“Since no daily responses are given from heaven, and the Scriptures are the only record in which God has been pleased to consign His truth to perpetual remembrance, the full authority which they ought to possess with the faithful is not recognized unless they are believed to have come from heaven as directly as if God had been heard giving utterance to them.” – John Calvin

“Only those who have learned well to be earnestly dissatisfied with themselves, and to be confounded with shame at their wretchedness truly understand the Christian gospel.” – John Calvin

 

Athanasius: The Incarnation of the Word

This is a snippet out of the Book: “The Incarnation of the Word” from Athanasius, written in the fourth century. (Athanasius was a God fearing man, that fought for the trinity)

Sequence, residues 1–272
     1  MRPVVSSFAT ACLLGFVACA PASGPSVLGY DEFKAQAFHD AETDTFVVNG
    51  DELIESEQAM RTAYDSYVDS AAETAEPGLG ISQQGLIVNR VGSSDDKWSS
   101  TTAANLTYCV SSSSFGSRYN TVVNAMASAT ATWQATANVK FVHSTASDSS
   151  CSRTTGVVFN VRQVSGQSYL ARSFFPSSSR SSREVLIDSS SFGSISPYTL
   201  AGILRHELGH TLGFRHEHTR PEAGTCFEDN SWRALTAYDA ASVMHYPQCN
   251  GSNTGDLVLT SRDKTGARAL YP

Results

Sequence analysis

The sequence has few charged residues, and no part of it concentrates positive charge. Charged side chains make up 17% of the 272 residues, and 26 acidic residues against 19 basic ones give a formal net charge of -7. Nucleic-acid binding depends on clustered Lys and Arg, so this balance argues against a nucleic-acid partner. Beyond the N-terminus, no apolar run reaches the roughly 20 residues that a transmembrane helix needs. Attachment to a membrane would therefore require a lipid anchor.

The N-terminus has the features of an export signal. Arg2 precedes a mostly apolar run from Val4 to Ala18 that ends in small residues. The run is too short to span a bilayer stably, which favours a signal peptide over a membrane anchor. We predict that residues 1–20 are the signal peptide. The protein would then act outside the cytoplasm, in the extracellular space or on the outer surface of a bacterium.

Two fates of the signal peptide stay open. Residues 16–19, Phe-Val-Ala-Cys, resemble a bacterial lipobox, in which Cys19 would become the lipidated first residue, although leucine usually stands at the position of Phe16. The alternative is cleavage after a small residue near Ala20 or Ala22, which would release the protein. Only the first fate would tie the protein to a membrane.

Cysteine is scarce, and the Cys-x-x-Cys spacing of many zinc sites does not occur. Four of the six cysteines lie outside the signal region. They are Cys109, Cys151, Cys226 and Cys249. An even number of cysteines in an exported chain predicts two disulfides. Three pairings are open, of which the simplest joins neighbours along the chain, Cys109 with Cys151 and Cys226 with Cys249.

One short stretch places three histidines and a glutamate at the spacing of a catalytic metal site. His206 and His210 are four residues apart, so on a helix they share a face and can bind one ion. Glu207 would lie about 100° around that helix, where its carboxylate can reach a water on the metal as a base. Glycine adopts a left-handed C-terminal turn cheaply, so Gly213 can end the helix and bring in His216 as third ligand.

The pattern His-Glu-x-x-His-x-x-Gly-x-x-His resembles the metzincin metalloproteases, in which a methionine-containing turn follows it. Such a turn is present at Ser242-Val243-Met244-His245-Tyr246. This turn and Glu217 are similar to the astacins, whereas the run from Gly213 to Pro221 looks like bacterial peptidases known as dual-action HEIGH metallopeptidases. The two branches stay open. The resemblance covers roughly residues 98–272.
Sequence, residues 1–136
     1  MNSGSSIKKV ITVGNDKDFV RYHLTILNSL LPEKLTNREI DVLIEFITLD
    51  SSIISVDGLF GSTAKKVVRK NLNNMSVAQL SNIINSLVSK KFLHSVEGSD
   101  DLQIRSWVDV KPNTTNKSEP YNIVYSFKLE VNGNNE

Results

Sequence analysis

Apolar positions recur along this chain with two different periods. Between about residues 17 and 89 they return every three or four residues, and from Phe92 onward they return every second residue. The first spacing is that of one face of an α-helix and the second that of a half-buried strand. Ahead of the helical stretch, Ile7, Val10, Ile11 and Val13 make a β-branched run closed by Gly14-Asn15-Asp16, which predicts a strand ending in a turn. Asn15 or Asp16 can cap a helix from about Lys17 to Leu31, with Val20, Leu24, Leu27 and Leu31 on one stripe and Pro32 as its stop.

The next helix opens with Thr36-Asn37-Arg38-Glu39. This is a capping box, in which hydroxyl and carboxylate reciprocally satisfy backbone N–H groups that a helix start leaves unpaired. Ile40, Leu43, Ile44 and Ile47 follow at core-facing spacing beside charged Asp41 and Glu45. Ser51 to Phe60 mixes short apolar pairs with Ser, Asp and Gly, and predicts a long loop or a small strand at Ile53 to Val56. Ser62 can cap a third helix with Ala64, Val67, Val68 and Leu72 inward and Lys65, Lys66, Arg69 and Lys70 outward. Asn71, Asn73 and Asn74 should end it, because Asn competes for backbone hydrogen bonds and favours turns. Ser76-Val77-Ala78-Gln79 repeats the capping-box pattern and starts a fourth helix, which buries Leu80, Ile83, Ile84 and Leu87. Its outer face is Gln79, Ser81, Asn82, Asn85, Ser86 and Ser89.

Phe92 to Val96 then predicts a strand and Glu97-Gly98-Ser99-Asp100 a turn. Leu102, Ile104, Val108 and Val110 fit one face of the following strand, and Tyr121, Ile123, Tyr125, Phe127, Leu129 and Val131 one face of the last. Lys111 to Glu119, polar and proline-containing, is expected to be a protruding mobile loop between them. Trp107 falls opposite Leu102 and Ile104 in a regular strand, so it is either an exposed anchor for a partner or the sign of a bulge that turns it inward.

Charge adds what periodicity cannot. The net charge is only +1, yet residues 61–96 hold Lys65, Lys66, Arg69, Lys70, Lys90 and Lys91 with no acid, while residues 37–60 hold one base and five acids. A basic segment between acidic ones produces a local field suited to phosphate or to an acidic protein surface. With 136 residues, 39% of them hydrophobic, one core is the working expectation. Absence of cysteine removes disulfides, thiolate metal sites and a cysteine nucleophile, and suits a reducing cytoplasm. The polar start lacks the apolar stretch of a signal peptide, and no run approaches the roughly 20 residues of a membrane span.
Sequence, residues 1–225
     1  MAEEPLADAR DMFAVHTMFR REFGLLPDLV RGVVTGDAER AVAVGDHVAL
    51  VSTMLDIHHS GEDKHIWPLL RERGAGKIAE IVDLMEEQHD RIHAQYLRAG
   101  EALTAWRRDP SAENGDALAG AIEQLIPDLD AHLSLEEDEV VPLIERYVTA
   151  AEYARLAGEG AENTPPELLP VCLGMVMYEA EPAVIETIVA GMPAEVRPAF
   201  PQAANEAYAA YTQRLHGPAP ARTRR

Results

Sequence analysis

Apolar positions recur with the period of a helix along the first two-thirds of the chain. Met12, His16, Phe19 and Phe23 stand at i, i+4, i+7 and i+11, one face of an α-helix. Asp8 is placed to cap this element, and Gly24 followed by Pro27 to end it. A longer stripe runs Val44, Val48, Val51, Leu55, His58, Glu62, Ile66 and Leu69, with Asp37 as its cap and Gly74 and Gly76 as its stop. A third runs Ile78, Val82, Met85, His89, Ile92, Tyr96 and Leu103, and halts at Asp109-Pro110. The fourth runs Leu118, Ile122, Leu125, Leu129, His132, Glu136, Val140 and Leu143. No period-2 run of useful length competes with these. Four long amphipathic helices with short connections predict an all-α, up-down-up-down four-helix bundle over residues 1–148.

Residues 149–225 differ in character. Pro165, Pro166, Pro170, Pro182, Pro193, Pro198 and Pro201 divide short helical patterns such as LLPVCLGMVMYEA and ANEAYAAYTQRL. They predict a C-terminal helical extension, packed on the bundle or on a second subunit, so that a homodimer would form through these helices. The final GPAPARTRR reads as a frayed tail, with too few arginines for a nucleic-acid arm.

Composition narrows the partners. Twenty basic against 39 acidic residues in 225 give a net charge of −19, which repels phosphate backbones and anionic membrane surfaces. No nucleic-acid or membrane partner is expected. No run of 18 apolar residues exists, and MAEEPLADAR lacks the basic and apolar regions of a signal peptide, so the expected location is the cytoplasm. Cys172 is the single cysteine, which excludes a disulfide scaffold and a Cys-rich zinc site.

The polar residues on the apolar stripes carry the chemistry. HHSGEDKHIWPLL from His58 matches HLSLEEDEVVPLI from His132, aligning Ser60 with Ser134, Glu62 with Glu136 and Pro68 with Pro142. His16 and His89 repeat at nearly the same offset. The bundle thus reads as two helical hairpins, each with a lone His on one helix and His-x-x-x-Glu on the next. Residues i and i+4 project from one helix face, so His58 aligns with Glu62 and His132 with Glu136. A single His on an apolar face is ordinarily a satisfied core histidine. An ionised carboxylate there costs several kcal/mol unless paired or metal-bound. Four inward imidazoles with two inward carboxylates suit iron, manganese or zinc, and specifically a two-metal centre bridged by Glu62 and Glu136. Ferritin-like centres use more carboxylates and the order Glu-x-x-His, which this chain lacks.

We saw in the last chapter that, because death and corruption were gaining ever firmer hold on them, the human race was in process of destruction. Man, who was created in God’s image and in his possession of reason reflected the very Word Himself, was disappearing, and the work of God was being undone. The law of death, which followed from the Transgression, prevailed upon us, and from it there was no escape. The thing that was happening was in truth both monstrous and unfitting. It would, of course, have been unthinkable that God should go back upon His word and that man, having transgressed, should not die; but it was equally monstrous that beings which once had shared the nature of the Word should perish and turn back again into non-existence through corruption. It was unworthy of the goodness of God that creatures made by Him should be brought to nothing through the deceit wrought upon man by the devil; and it was supremely unfitting that the work of God in mankind should disappear, either through their own negligence or through the deceit of evil spirits. As, then, the creatures whom He had created reasonable, like the Word, were in fact perishing, and such noble works were on the road to ruin, what then was God, being Good, to do? Was He to let corruption and death have their way with them? In that case, what was the use of having made them in the beginning? Surely it would have been better never to have been created at all than, having been created, to be neglected and perish; and, besides that, such indifference to the ruin of His own work before His very eyes would argue not goodness in God but limitation, and that far more than if He had never created men at all. It was impossible, therefore, that God should leave man to be carried off by corruption, because it would be unfitting and unworthy of Himself.